Clubbing Wrigley

George A. Hormel II went on a shopping spree in 1992.
With a $13 million inheritance in his pocket, Hormel, whom everyone calls "Geordie," had been lured from Los Angeles to buy the 57,000-square-foot McCune Mansion in Paradise Valley. Phoenix-area real estate values were still in the dumper, and, at $3.75 million, it was a cool deal.

"It wasn't hard for me to give up L.A. for here," he says, "even though I hated desert and heat and cactus and sand and Southwest decor and all that shit. It was solely because of people here being nice."

And they were nice enough to bring him a couple more real estate deals. He leased a nightclub in downtown Scottsdale that never opened because it would cost too much to bring up to code. Then he bought the Wrigley Mansion, an elegant, whitewashed adobe home on a hilltop overlooking the Arizona Biltmore Hotel, for $2.6 million.

The Wrigley had been run as a private club since 1983, though never successfully. It had gone into receivership more than once. Hormel decided to give it another try. And although it has become a prestigious spot to stage a wedding, throw a party, or hold a meeting, although its kitchen and dining room have gotten stellar reviews, it's never broken even, let alone drawn the clientele that Hormel thought he was saving it for.

Geordie Hormel and his wife, Jamie, who now runs the couple's businesses, asked the Arizona Biltmore Estates Village Association (ABEVA), the neighborhood association that controls the area, if they could change the zoning or rewrite the use permit to allow for a restaurant open to the general public.

The discussion opened with hemming and hawing, which segued into lawyer letters, which escalated to a flurry of shrill name-calling and dubious accusations on all parts.

The neighbors said that the Wrigley Mansion was a noisy nuisance and that Geordie Hormel was just trying to recoup his own bad business losses at their expense. The Hormels said they just wanted to break even and share an architectural treasure with a city they loved.

ABEVA accused the Hormels of using their wealth and clout to influence the media, the Hormels accused ABEVA of using its wealth and clout to influence the city.

It was a Biltmore standoff, two Porsches at an intersection and neither would yield right of way.

Then the Hormels hit the accelerator and spun out of the crossroads; ABEVA picked up its cell phone and dialed the authorities.

In May of this year, Jamie Hormel told ABEVA that she planned to keep the Wrigley as a private club, except membership would only cost $10 a year, making it a de facto public restaurant. As a final money-doesn't-matter gesture, she announced that the membership dues would be donated to a charity that helps battered women.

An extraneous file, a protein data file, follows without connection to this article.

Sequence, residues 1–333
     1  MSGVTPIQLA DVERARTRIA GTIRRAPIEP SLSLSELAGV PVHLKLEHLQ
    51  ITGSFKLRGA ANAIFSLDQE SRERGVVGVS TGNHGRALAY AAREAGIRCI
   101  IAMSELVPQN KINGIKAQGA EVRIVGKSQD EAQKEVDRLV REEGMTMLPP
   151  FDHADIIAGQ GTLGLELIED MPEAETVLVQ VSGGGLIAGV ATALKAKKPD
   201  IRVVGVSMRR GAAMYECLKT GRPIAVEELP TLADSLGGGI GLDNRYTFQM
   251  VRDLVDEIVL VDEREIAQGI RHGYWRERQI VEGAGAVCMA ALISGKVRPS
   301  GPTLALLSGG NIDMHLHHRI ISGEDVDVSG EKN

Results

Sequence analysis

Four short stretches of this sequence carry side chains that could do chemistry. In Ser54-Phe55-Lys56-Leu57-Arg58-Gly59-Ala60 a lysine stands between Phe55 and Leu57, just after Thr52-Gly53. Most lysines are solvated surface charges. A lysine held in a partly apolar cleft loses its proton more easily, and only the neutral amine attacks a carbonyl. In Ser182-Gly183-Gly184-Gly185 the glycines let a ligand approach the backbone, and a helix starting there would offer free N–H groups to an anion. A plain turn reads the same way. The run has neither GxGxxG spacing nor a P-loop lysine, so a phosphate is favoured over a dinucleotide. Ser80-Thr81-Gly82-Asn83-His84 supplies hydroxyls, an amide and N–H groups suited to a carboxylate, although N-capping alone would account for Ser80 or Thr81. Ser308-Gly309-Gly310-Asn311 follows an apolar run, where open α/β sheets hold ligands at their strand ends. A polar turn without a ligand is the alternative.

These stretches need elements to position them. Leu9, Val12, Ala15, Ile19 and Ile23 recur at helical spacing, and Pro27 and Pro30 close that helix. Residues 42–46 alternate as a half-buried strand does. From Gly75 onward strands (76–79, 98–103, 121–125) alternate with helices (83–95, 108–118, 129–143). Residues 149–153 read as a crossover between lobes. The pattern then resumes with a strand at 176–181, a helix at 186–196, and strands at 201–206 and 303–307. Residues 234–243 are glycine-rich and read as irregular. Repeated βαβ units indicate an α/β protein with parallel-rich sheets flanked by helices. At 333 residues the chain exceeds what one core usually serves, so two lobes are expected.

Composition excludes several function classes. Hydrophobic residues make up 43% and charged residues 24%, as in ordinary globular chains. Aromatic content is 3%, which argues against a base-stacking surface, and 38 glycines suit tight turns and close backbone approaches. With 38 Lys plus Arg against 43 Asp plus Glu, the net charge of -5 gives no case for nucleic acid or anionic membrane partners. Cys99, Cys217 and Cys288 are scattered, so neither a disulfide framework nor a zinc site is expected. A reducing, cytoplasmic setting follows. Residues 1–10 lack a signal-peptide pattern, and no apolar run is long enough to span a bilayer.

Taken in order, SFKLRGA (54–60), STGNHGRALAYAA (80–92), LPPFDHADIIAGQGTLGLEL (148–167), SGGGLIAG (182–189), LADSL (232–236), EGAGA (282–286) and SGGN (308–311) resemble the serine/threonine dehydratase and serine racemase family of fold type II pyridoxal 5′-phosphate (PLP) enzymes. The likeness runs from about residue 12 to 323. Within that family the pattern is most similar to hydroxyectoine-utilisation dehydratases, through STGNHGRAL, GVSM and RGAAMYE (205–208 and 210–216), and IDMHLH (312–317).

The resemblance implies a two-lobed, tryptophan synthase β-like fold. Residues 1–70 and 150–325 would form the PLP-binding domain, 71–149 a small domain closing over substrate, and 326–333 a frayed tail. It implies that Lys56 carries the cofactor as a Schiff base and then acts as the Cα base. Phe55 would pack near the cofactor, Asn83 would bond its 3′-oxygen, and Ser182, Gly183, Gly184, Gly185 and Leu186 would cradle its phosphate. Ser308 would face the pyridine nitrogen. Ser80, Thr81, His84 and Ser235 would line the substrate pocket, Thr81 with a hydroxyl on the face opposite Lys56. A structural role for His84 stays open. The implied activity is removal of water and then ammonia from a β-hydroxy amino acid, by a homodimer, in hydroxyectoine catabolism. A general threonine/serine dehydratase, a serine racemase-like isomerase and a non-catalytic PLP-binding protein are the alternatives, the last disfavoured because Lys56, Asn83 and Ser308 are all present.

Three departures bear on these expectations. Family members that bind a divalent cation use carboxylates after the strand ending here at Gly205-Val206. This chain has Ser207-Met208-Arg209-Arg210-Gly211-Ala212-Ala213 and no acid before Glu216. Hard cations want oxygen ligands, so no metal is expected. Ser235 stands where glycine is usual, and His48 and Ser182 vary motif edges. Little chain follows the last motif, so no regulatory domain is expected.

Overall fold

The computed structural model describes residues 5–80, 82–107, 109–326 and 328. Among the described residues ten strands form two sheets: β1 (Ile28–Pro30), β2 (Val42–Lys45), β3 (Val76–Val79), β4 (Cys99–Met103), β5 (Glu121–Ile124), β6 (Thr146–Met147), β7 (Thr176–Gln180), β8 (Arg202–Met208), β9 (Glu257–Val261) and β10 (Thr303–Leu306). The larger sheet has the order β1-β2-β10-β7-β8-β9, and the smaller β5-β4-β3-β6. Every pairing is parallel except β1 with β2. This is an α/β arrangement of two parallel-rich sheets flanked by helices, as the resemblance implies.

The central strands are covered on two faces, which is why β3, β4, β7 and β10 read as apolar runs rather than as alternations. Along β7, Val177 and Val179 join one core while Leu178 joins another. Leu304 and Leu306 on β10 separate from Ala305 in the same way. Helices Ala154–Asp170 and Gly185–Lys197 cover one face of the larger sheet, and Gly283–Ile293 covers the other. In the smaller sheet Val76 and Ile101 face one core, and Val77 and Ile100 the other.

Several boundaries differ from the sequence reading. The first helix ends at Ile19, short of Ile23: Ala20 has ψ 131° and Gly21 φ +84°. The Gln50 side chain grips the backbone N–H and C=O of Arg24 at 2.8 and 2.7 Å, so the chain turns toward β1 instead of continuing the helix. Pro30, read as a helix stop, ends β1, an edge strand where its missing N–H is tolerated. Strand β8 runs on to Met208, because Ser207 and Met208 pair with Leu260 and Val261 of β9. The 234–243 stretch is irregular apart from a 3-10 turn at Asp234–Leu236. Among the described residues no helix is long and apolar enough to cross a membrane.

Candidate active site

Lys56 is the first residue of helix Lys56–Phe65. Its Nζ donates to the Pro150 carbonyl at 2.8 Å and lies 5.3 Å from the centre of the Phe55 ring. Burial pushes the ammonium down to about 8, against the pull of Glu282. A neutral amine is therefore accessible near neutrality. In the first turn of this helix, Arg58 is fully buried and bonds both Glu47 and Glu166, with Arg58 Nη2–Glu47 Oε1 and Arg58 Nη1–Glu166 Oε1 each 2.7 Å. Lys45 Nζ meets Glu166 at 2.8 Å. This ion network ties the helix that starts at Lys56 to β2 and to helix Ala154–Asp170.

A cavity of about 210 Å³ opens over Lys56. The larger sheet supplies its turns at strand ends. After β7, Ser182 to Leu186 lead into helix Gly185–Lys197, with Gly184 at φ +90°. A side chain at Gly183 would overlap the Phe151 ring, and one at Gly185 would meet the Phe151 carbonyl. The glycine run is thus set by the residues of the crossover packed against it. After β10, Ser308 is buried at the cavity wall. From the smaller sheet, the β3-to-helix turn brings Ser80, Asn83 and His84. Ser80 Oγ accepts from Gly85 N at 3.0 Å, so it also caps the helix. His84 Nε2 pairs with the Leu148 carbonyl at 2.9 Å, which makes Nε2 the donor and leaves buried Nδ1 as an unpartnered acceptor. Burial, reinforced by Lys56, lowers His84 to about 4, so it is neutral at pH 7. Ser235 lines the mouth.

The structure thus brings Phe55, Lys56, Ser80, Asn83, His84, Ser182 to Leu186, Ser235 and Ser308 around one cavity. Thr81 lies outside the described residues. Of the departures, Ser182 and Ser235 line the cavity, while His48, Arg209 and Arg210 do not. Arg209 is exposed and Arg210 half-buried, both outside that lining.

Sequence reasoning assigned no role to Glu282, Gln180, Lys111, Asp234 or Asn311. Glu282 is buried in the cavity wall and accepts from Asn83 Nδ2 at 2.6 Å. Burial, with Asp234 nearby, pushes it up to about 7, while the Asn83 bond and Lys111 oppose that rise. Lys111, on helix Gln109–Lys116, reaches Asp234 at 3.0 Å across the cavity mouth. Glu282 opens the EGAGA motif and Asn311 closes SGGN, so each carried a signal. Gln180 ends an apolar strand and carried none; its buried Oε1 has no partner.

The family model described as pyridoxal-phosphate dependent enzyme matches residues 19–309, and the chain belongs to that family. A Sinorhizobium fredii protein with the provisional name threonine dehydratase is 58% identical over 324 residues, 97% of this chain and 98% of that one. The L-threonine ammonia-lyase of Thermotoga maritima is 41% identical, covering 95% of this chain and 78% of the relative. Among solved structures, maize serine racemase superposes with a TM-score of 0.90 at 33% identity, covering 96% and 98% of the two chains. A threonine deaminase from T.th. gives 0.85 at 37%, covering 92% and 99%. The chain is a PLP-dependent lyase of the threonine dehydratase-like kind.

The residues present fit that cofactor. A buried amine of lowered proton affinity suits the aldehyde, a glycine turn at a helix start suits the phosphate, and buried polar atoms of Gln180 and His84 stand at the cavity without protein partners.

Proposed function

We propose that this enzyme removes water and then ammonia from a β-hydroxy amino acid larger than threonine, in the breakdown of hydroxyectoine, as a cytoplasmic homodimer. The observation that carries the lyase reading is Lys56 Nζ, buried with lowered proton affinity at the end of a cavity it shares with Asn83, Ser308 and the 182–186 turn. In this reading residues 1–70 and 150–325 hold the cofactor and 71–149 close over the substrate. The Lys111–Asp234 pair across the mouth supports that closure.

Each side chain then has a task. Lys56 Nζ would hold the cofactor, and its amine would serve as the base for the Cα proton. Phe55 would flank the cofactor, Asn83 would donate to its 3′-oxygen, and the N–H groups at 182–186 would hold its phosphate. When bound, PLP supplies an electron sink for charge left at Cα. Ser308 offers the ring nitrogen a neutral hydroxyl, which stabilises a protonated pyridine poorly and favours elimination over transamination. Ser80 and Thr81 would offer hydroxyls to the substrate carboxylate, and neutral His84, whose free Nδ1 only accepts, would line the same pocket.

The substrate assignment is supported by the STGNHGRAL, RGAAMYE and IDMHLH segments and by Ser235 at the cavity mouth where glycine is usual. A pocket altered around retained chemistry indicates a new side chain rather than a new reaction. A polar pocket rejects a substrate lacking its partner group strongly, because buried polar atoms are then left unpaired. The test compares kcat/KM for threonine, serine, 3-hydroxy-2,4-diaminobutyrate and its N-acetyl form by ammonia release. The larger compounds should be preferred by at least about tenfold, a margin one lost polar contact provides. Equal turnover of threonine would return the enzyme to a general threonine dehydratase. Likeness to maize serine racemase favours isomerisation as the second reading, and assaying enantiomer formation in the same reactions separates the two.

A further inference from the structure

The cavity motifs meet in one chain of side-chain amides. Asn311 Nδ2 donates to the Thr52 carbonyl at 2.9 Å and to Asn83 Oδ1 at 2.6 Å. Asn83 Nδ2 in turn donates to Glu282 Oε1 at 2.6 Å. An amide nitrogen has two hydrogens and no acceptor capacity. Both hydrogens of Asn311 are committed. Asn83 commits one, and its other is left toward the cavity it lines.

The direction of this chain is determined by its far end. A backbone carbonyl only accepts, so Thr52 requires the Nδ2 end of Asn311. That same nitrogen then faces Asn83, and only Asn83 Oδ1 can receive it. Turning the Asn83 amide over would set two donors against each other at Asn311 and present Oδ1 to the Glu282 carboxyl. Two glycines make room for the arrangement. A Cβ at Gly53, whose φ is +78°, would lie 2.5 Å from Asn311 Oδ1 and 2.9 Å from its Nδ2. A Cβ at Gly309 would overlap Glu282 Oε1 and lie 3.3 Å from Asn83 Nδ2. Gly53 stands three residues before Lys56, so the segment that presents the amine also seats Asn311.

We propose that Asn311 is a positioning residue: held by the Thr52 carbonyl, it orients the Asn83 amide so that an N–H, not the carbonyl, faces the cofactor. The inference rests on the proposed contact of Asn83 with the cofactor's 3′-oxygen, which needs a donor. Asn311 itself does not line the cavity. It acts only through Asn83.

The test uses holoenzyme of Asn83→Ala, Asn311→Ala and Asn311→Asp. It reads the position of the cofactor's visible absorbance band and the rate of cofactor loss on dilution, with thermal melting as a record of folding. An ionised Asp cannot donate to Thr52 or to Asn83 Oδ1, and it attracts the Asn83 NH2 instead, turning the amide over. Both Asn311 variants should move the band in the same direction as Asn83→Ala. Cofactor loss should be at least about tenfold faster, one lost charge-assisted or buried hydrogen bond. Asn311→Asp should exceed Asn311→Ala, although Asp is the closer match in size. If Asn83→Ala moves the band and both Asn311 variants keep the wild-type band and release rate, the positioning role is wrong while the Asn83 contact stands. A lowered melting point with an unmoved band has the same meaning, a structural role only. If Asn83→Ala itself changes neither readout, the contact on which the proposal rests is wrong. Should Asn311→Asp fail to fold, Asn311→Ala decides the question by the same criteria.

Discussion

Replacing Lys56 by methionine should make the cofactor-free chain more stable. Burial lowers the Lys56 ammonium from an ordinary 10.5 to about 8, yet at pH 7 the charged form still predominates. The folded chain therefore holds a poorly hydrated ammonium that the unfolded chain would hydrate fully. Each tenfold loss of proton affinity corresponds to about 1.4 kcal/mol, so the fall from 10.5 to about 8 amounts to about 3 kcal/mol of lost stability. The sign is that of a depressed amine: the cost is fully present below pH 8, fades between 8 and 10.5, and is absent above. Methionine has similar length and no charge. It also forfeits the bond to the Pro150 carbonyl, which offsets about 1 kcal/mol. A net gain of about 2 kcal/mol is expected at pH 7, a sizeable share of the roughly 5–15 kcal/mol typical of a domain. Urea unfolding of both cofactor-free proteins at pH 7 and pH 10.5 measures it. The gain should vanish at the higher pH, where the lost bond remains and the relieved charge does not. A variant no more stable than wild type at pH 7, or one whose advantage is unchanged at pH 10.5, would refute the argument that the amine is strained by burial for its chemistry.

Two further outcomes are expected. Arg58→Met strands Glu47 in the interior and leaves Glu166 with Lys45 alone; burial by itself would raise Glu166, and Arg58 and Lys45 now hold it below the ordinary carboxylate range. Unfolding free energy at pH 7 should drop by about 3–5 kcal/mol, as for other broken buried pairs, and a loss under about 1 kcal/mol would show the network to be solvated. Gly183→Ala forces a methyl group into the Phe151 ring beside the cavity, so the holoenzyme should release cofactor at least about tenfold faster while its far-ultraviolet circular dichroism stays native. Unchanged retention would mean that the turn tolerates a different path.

ABEVA has retaliated by asking the City of Phoenix to yank the Wrigley's use permit, and demanding that it set standards as to what kind of membership fee constitutes a "bona fide" private club.

In short, ABEVA wants to set someone else's prices.
Not surprisingly, the city zoning official that ABEVA lobbied has nothing to say about how and whether his department can settle the dispute. But the players in this soap opera called Biltmore Place have plenty to say.

"What country do we live in that they have to decide whether it's appropriate or not?" wheezes Celeste Nichols, manager of the Wrigley Mansion Club. "There's no ordinance that says a private club has to charge this or that amount of money."

"Geordie knew what he was buying when he bought it," says Brian Zemp, attorney for ABEVA.

Geordie Hormel is heir to the meat-packing firm that makes Spam, and, some might say, a study in old-money eccentricity. He was a dashing gourmet and seducer of starlets in his youth. Now, at age 70, he would just as soon spend the day playing the piano in a tour bus parked behind his home.

His gray hair cascades over his shoulders, he wears slouchy sportscoats, shuffles around his estate in those suede boots that used to be called "Dingos." His beautiful wife Jamie is 41 years his junior, which raises eyebrows. But Hormel couldn't care less.

When he moved in to the McCune Mansion, he brought his rock 'n' roll retinue with him--engineers from the L.A. recording studio he owns, musicians down on their luck, folks who just needed a job or a place to stay. For years the house was a cultivated clutter of unpacked boxes, uninvited guests and unhurried workmen.

The Wrigley Mansion, on the other hand, was an orderly reminder of Hormel's privileged upbringing. He fussed over its restoration. And even if his clothes were informal and unpressed, he could be mildly irritated if a spoon were misplaced in a formal table setting.

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Michael Kiefer